Beyond Meat Inc. says robust in-store sampling of its plant-based meat products is coming, and with it, an expected business rebound.
Chief Executive Ethan Brown reminded analysts on the company’s earnings call that it was about to launch its biggest in-store sampling program to-date in 2021, only to have those plans scuttled as the delta variant of the coronavirus took hold, according to a FactSet transcript.
“Today, after two years with only relatively scarce in-store sampling, in the first half of this year, we expect to resume robust in-store sampling programs for retail items. These effective programs have long been a staple of our field marketing efforts, given our conviction that tasting is believing.”
But Brown took an upbeat tone on the call, looking ahead to shifts in the business and consumers that should benefit future results. Top among them will be a return to healthy dining, which Brown says took a hiatus during COVID-19 as consumers turned to comfort food.
“[G]rowth in the plant-based meat category decelerated meaningfully in U.S. retail from 45% in 2020 to negative 0.4% in 2021,” Brown said.
The shift was due, in part, to “consumer migration to fast food, particularly those with drive-through, where we were largely absent, and consumer trends around food choice, as well as a reduction in our ability to sample.”
In addition, the company will launch new products through its joint venture with PepsiCo Inc.
called PLANeT Partnership in the coming weeks. A fall launch of Beyond Chicken Tenders is also expected.
But the company has also faced a number of expenses tied to labor and the supply chain, some of which Brown said would soon come to an end.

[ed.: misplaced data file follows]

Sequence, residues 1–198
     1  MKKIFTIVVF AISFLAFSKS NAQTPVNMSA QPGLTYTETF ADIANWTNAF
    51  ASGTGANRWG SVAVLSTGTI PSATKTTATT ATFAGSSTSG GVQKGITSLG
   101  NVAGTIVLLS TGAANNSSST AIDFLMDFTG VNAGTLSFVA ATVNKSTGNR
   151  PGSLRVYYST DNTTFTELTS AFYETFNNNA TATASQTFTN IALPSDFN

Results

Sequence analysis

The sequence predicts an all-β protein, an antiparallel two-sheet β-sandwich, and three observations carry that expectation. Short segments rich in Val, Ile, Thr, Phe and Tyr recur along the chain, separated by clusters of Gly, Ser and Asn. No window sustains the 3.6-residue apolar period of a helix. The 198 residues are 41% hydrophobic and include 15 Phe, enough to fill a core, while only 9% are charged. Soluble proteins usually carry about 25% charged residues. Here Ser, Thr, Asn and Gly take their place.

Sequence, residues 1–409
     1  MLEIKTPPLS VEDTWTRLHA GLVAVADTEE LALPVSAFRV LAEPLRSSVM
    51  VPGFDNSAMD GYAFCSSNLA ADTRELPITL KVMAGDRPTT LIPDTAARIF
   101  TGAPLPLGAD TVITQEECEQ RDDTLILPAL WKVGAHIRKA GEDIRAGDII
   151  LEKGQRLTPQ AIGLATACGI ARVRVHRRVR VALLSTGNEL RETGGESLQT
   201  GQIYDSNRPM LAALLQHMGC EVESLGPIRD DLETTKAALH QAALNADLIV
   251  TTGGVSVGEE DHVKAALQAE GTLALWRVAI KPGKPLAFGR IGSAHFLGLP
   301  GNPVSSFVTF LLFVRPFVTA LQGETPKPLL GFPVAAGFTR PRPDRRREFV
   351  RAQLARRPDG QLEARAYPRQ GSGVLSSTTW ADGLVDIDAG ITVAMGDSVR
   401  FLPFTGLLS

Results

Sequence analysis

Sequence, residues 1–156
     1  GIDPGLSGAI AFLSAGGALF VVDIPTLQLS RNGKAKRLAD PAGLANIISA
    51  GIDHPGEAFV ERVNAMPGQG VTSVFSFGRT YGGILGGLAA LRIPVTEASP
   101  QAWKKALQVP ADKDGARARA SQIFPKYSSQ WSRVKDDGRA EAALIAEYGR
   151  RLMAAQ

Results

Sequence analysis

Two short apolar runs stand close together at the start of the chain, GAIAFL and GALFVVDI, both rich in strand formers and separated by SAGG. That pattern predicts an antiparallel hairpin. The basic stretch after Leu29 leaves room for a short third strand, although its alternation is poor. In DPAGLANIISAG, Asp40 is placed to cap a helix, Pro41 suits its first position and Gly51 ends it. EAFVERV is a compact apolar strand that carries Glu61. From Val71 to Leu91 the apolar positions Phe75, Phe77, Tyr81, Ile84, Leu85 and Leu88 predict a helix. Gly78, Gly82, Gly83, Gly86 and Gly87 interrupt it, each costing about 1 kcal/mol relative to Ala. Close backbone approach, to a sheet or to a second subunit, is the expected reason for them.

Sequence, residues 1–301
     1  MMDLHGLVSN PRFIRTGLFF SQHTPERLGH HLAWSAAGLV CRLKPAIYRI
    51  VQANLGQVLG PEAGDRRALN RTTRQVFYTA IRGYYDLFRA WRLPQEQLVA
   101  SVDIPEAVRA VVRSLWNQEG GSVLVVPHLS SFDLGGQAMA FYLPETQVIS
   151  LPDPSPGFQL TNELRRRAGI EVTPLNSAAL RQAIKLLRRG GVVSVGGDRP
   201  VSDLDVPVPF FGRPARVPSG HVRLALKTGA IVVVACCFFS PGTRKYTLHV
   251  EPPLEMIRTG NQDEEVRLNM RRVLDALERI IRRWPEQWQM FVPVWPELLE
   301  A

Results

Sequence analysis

“Q4 EPS marked another bumpy print for Beyond Meat and underscored the many moving parts to the story,” wrote Mizuho’s John Baumgartner in a note.
“We believe with every disappointment, Street expectations become closer to bottoming and at this point, we believe numbers may be bottoming. In turn, we see two potential events that may drive an investor sentiment inflection; a return to retail growth for the U.S. plant-based meat category (but comps don’t become consistently easy until summer 2022) and a substantial launch for Beyond Meat at
McDonald’s as a permanent menu item in the U.S. (unlikely prior to H2).”
Mizuho rates Beyond Meat stock at neutral and lowered its stock price target to $45 from $59.
JPMorgan analysts were “a bit unnerved” by the margin decline Beyond Meat experienced, which the company attributed to investment in growth, inflation and other non-recurring headwinds.
“These are all likely valid, and Beyond Meat is hardly the only growth company we cover with fast-eroding margins. But the issue here is far more extreme than what we’re seeing anywhere else, and to us it bespeaks the extraordinary effort the company is putting in just to maintain sales at the current level.”
JPMorgan rates Beyond Meat stock at underweight and slashed its price target to $32 from $54.
Beyond Meat stock has plunged 69.4% over the past year while the S&P 500 index
has gained 15%.